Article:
After dinner, I played around on the slack line one of the students had brought, which was fun. It started getting dark though, so I headed back to the barn, and the grad students were hanging out with us for once. We played some pool, and then they suggested Apples to Apples. It turned into a pretty fun game because everyone joined in- it was really the closest we had come to doing something as a full group. I kind of wanted to keep playing, but the game broke up around 11 and everyone went to bed. Tomorrow I don’t really have any more data to gather so hopefully I’ll be able to focus on processing data and finalizing the hydrology part of the common product with Gordan so I can be ready for my presentation on Sunday. I hope to be done tomorrow so that I can enjoy the half day off on Saturday (my Birthday!) and not have to stress.

Some Days You Write the Blog, Some Days the Blog Writes You

Posted on June 14, 2013 by James Douglas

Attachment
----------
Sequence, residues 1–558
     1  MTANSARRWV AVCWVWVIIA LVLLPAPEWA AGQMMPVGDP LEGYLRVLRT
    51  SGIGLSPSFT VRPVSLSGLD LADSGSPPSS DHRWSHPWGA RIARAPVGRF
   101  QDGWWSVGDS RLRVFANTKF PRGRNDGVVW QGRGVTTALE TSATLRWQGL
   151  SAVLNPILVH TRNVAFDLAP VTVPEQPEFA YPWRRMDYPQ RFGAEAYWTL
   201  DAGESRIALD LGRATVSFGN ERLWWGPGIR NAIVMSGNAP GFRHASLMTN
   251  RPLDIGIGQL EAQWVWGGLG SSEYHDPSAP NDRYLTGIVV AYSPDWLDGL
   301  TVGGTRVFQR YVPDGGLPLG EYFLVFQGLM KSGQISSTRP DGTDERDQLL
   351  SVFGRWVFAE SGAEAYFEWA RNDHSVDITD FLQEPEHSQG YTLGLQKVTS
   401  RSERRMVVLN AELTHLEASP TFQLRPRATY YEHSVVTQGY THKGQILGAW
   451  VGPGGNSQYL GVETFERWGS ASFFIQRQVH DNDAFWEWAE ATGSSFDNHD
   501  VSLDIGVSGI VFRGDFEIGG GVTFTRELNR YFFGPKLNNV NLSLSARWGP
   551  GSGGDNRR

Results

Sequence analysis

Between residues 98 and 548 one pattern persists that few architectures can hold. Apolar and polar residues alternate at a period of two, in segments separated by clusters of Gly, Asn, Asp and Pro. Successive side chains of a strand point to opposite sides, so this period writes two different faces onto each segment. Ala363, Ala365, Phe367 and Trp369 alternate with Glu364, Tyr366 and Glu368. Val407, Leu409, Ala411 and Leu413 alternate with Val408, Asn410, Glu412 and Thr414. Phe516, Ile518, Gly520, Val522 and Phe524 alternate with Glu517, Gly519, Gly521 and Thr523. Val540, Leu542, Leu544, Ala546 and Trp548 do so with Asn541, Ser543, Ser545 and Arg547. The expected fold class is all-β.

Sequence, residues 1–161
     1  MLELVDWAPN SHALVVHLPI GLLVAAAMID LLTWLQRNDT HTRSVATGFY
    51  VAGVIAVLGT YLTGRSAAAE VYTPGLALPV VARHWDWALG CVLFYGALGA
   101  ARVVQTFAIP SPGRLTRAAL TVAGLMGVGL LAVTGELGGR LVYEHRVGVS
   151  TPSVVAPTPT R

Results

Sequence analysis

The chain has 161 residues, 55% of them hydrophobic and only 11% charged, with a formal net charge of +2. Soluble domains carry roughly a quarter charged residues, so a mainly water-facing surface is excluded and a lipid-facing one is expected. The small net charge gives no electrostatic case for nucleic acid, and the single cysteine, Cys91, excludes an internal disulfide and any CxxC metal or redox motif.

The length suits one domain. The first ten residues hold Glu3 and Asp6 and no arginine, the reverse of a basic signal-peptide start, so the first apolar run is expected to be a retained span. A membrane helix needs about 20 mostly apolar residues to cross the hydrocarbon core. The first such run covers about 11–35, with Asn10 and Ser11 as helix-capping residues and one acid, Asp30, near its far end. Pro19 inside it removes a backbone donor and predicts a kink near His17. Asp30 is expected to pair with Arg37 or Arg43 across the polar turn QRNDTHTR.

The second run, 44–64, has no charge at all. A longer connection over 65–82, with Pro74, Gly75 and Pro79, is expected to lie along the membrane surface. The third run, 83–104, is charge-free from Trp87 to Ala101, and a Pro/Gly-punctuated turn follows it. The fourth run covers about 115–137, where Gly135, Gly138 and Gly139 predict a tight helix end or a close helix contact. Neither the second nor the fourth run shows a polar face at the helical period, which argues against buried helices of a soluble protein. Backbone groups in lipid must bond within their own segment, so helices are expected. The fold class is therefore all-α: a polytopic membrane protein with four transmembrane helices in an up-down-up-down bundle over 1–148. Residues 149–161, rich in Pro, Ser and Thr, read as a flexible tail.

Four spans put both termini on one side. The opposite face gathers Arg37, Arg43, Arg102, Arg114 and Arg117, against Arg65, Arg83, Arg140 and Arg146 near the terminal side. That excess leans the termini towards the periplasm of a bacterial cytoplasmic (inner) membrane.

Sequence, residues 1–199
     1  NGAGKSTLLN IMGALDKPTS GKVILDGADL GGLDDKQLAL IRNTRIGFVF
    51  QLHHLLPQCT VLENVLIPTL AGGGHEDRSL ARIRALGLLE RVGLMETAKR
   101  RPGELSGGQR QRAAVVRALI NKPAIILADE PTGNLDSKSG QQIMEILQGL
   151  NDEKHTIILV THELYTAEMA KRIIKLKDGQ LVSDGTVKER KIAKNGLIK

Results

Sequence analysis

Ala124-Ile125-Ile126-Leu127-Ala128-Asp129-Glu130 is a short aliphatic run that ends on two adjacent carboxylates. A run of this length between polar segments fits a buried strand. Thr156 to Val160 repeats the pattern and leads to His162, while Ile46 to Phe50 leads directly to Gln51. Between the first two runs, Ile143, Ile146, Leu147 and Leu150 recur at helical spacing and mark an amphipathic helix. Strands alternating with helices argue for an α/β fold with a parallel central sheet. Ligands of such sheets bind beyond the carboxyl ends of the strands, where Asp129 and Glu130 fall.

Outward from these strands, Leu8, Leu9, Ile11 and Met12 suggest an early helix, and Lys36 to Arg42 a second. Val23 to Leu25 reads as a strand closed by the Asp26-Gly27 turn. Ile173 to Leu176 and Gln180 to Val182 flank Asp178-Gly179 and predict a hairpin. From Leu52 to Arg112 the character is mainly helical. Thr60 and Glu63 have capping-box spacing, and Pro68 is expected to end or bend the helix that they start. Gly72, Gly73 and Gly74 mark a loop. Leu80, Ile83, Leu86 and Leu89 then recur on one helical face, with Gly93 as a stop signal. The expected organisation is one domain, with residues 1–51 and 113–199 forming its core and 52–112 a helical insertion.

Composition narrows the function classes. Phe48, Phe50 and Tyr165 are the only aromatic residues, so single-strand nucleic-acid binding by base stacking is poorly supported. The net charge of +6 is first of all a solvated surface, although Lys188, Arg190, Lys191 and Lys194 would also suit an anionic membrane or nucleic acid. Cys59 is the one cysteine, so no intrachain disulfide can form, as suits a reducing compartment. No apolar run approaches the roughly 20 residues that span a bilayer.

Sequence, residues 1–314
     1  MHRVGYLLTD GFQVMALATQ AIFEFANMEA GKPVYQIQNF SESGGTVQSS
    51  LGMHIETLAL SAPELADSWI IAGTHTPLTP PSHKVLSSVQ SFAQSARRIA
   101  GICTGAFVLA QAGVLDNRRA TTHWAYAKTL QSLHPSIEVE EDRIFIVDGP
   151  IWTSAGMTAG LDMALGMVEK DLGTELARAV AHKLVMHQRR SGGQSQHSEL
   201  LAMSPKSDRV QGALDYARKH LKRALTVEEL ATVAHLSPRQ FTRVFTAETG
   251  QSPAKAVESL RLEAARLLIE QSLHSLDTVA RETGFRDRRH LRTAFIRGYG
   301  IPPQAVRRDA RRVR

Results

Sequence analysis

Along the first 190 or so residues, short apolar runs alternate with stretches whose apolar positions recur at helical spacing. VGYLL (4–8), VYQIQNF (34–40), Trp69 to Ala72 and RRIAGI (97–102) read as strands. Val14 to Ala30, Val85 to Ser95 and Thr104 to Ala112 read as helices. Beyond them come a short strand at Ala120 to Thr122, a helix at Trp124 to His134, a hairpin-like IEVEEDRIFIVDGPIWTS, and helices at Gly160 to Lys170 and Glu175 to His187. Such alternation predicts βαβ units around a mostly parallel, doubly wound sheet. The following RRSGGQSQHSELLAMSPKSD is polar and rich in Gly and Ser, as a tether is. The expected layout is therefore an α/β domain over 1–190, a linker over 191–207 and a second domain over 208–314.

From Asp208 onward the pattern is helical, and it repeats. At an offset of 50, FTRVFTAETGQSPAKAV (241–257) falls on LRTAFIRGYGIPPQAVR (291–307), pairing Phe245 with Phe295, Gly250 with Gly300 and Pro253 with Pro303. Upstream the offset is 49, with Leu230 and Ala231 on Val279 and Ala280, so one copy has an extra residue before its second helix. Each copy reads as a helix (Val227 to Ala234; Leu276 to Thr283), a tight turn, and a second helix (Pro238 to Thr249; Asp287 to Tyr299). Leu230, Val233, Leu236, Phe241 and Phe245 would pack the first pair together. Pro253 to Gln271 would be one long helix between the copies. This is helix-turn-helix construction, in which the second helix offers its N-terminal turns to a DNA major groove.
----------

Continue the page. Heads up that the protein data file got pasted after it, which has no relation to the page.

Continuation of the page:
Sorry for forgetting to blog yesterday, this routine thing isn’t really my strength. So on this day we tried to fill in the gaps in the Hydrology data. One of the areas we new we needed to cover was the main channel, which we were kind of leaving for later because we figured it would be easier (little did we know). One of the grad students, Emily, joined me and Gordan today to give us some help and to show us how to use some of the water quality instruments. We started out in the marshy areas near the bottom of the watershed and took some turbidity readings of the standing water, but quickly gave up because we were unsure where the ranch property ended and we didn’t want to get into any trouble. We moved on to the main stem, trying to start at the beach feeling like it would be easiest to work up from the outlet. Unfortunately, the stream outlet was a thick stand of mangrove trees and this invasive vine which grows all over the island, forming an impenetrable fortress of vegetation. WE spent the next few hours searching for open sections in the vegetation along the main stem that we could map. As it turned out, these sections were few and far between, leaving me relatively frustrated. The invasive vine grew would often grow all the way across the stream channel, reducing the amount of land we could actually map even more than what we had previously thought. We took more turbidity readings occasionally, trying to get a hold of how the suspended sediment levels changed throughout the valley.